Madeira 8. Plans were for culture in the morning and a boat trip in the afternoon. Slightly thwarted before lunch, and a huge (literally!) bonus in the afternoon. I was intending to go to the Museum of Sacred Art in the morning. A short walk took me to the Plaça do Municipio.
(The city hall is the lower building on the right).
And I arrived a few minutes before 10.00 when, according to my guide book, the museum was due to open.
It didn’t. I was astonished at this fundamental error in the book, and sat on a bench nearby to study what I could do instead. After a few minutes, a couple arrived, looked at the opening times, studied their guide book, and looked puzzled. I saw them later – they had decided the same as I had for an alternative, the Quinta das Cruzes museum, which was originally the home of Joâo Gonçalves Zarco, the Portuguese captain who ‘discovered’ Madeira. It promised to be filled with priceless antiques from all over the globe.
This had involved a steep climb. If you go south to north in Funchal that is inevitable, and there are limits on what you can do by just strolling east-west. When I got there, the receptionist told me that the sacred art museum used to open on Sunday mornings until recently, (so you are forgiven Lonely Planet). She also told me that today this museum was free. What she didn’t tell was was that only the ground floor was open. But I did see some priceless antiques.
And then wandered around the garden, not taking many photos.
After much needed refreshment at a nearby café, I wandered back down north to south, aiming for the municipal gardens where I had had my first meal six days previously. But first I went to right to the seafront to book my passage for the afternoon. Again I took not many pictures in the garden.
I’d seen a kapok tree in flower earlier in the week This is one in fruit.
I took time over my lunch, and rejoiced in seeing at a great distance a gorgeous butterfly I didn’t recognise, on the extreme leaf of this tree.
It was only on arriving home that I was able to identify it. A Monarch! That’s the butterfly that in its thousands flies all those thousands of miles between, say, Canada and Mexico each year. I didn’t know that it was found outside North America! Wow!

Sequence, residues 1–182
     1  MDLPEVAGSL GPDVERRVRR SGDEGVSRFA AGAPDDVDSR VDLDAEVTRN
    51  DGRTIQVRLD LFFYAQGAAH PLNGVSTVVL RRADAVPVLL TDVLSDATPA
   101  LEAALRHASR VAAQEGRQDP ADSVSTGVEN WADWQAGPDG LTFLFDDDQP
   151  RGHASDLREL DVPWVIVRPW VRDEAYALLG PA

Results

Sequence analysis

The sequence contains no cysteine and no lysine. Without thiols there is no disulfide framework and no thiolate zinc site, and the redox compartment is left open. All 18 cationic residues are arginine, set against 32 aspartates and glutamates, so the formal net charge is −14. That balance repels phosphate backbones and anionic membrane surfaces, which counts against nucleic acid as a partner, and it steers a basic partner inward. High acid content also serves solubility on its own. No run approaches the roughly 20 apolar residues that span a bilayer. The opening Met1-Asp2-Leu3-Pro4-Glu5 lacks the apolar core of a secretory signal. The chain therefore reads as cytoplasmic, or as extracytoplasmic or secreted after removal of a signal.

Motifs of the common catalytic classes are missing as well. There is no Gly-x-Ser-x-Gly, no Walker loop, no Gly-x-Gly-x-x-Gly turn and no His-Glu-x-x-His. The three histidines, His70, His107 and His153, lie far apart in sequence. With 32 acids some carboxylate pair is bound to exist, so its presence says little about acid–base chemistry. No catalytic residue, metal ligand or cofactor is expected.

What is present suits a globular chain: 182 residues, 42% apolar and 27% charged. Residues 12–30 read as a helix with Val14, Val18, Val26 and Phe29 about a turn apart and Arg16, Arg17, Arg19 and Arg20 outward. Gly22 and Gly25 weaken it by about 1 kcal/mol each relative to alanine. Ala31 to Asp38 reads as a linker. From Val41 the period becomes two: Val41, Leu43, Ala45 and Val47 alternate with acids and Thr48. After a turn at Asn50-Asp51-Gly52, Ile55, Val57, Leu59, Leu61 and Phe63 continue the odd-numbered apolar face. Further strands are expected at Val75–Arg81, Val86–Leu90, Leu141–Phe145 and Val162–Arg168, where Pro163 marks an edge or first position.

In due course, it was time to join my fellow passengers for the boat trip.But no, I didn’t go on this ship in the event. A little bird in the group had alleged to me (I’d better be careful) that it had not passed all of its latest safety tests. I was already tempted to go on the whale- and dolphin-watching catamaran trip, (run by VMT Catamaran) and that decided me. How glad I am that I did, for reasons that will becomes apparent!
There were only about 15 passengers, and a crew of four, which made moving around very easy. Very good commentary in (always first and quite right too!) Portuguese, and then English.
It was this sort of boat, looked identical to me.
We set off eastwards, on water that was very blue because very deep. The island of Madeira being only the protruding top of a volcanic complex that is six kilometres high, the land falls off immediately to the depths at the water’s edge.
After a short while the sails went up. First the mainsail,
and then the jib. (I think it’s that).
And then they came down again.
We were into the serious business of watching whales and needed the manoeuvrability that the engine would give. No dolphins, but Sperm whales! A first for me. Some were fairly close. I took literally hundreds of photos, and many would say that these selected results are not that wonderful if so. But the fact is that whales stay largely below the water surface, and are not easy to capture on ‘film’!
and the obligatory…
… disappearing tail flukes
The head is one-third of the length of the sperm whale, and contains, in a space the size of a small car, the very valuable spermaceti, oil so sought after by the whalers. Sperm whales are now of course protected.
Not a small fin but a very large vertebra
I reckon we must have seen and sailed alongside about five different whales before I thought I saw at a great distance, on the other side of the boat, the characteristic splash of a whale that had just breached – that is, completely jumped out of the water. I just couldn’t be sure of my identification, so I kept my mouth shut and my eyes peeled, and did indeed see the whole action, once or twice, by which time the crew had seen it too. (I hadn’t liked to draw attention to the initial splash for fear of being proved a fool, though I am quite used to trying to spot distant cetaceans.)
And – poor things, but mine own – I managed to get these photos!
Once we had sailed on – the time you can stay by a group of whales is limited, in function of the number of boats there are around, and there were two today of course – I had to share my excitement at my pictures. The main commentator insisted I show them to firstly the captain, and then to the professional photographer on board. Then a young German couple asked me to email them to them in due course. And bought me a drink.
We sailed on further eastwards and I got this very zoomed shot of the airport runway extension. Tomorrow!On the way back westwards, this half volcano tip was pointed out to us, the rest eroded by the sea.
Setting off for her next destination.
Late afternoon views of the coast, around Funchal,
To the west
To the east
And we arrived back just a smidgeon too early to get the perfect sunset shot.
What a fantastic end to a most enjoyable week. Madeira may be a little too built up for my liking, but I think I have been spoilt previously by some far-off wildlife holidays where there are no buildings or any signs of humans for tens of miles at a time. I see that one of my favourite holiday companies does three consecutive and different trips here in June each year. It is certainly my hope to return to Madeira in the fairly near future, and may well do one of even two of those trips. I’d really love to go back.